At 4:30 we were able to enter the stadium for batting practice due to our new membership in the Red Sox Nation fan club. We ventured atop the Green Monster, where narrow aisles and steep stairs provide a less-than-ideal venue for home run snagging. Still, there were a few catchable balls in straight away left field that I would have easily caught had I been in the right spot. I was too distracted trying to take pictures and I missed out on those opportunities.
A while later, we trekked down to the right field side and took pictures by Pesky’s Pole and the red seat. The right field foul pole is named after former Red Sox infielder Johnny Pesky, who reportedly hit a game winning home run that landed in close proximity to the pole, which sits just 302 feet down the right field line. Pesky had just 17 home runs during his 10-year Major League career, so it is likely that the ones he hit at Fenway Park all landed in the short porch.
The red seat has quite the opposite significance as it sits 502 feet from home plate in the right field bleachers. It is where a Ted Williams home run reportedly landed in 1946–the longest homer ever hit at Fenway Park.
André and I then sauntered around the concourse to our ticketed seats in the grandstand section 12. Fun fact: Fenway Park opened in 1912 and the designers apparently tried to cram as many seats into the stadium as possible. Therefore, the grandstand seats have extremely limited space. And since I have disproportionately long femurs, I couldn’t sit straight forward without my knees digging into the back of the wooden seat in front of me. But, I remembered it was Fenway Park so I figured I’d get over it.
We walked around the rest of the park and took a few pictures and were just happy to be there. When we made our way back towards our seats, we noticed one of the field box sections was particularly empty. I never imagined seat hopping would be a possibility at Fenway Park, but nevertheless we planted ourselves in two aisle seats about ten rows up from the field and just waited until the seat’s rightful owners claimed them. I think baseball fans should have squatter’s rights after three innings, but the high rollers who actually pay for their premium seats wouldn’t be too happy if that were the case.
The stadium as a whole filled up by game time, yet our new section remained mostly empty. Our aisle seats were in a completely empty row, and two rows in front of us were vacant as well. So even if our seats’ owners were to come, we had other options. In addition, ushers behind us were not checking tickets as they likely assumed anyone entering the seats had the correct documentation because it was so crowded. In the third or fourth inning, some folks finally arrived with seats in our row, but still not ours. A little while later we moved down to a different empty row just for some more comfort. We were not questioned once throughout the night and successfully pretended we were the rich chaps who were supposed to be sitting down by the field. As it turns out, the section we were in retails for about $150 per seat!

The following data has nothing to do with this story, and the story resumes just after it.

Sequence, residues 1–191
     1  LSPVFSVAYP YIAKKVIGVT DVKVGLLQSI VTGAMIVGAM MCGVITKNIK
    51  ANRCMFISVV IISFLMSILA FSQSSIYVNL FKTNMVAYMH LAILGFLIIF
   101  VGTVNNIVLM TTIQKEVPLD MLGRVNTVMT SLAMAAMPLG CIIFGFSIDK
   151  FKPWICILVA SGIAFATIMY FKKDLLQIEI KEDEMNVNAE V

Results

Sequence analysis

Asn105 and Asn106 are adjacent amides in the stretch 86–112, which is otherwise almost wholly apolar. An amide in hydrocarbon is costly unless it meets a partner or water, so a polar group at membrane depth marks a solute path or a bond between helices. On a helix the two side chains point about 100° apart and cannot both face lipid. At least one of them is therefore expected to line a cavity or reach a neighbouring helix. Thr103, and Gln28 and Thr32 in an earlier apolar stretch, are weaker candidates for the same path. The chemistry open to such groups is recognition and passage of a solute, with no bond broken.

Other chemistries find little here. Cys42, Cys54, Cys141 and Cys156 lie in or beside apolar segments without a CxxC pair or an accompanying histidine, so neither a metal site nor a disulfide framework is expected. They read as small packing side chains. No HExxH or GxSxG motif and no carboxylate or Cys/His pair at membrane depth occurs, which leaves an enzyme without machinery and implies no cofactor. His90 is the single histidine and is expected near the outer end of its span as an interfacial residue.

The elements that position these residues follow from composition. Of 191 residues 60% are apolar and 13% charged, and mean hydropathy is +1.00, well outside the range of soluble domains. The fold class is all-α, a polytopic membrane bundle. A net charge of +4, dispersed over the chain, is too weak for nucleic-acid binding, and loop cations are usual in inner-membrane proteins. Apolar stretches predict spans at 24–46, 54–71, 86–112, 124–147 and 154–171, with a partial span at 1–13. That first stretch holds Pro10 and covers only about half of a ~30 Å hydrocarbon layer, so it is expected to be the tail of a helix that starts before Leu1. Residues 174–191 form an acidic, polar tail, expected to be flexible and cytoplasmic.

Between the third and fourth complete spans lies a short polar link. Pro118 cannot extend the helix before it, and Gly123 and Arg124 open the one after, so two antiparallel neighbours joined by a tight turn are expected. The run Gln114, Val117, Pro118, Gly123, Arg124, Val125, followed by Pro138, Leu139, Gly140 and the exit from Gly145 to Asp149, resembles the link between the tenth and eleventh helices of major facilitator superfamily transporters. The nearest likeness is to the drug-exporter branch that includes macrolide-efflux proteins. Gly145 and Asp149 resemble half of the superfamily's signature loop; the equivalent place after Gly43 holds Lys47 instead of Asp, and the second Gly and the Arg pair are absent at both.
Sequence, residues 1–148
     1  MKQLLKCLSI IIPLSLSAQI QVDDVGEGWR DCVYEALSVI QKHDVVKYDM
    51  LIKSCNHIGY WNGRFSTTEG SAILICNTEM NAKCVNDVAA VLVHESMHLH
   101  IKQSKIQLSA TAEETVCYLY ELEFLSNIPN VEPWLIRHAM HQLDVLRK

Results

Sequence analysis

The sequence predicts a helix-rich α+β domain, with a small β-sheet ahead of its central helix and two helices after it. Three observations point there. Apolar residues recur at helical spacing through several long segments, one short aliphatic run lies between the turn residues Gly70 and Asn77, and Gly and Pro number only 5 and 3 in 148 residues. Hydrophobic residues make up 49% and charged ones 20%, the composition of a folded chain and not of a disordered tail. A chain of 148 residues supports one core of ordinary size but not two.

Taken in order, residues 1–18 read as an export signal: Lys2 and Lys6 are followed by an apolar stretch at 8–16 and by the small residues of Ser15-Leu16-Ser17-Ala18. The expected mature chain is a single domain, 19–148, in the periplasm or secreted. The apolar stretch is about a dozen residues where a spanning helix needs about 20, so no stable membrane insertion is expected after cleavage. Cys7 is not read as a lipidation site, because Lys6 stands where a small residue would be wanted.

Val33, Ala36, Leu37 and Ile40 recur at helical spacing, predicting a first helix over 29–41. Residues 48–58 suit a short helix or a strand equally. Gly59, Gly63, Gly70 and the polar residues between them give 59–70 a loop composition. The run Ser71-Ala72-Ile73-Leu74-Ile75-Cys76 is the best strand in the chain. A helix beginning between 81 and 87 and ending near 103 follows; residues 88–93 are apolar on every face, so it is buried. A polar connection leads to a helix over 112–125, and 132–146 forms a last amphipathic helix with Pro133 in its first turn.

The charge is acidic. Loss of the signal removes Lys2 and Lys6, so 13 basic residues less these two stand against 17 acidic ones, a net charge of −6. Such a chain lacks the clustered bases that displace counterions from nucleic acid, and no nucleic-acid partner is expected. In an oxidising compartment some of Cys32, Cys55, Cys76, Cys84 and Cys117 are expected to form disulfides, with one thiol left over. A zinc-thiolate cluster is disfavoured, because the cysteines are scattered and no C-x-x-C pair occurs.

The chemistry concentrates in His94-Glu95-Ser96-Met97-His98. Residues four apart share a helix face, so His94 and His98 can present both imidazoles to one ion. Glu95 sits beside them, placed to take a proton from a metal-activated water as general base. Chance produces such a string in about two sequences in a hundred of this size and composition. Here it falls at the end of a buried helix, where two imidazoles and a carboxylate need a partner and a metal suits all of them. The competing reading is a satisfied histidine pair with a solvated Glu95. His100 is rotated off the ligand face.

The game itself was exciting. David Ortiz hit a fifth inning home run to put the Red Sox up 3-0. Both teams scored twice in the sixth to make the game 5-2. In the top of the seventh, the Indians had one on and one out when Michael Bourn launched a deep fly to center field. It looked like a sure extra base hit. But Jackie Bradley Jr. tracked it down and made a running catch on the warning track before he turned and fired a one-hopper to first to double off the runner and end the inning. Boston won 5-2.
Fenway Park. Pictures say 1,000 words and I cannot write anything to adequately describe the majesty of the stadium anyway. So if you haven’t already, make sure you check out my photo post of the game.
Originally posted on On Cloud Conine:
Sunday night, the latest National League All-Star Voting Update was released and we were shocked (shocked!) to see Giancarlo Stanton was ranked 4th among all National League Outfielders.
If the 2014 All-Star Game was played today, Stanton would not be a starter.
In the words of famous Seinfeld attorney, Jackie Chiles, we think those voting results are outrageous, egregious, preposterous!
The good news? There’s still one week to right this wrong and make Giancarlo a starter.
Here are 10 reasons Giancarlo Stanton MUST start the All-Star Game:
10 – Here’s an easy one: Giancarlo leads the entire National League in Home Runs (20) and RBI (58)
9 – No one, and we mean no one, hits home runs like this guy:
8 – So far in 2014, he’s already set a career high for stolen bases!
#StantonSmash #StantonDash ??
7 – He’s way more than just a monster home run hitter:
6 – Giancarlo’s…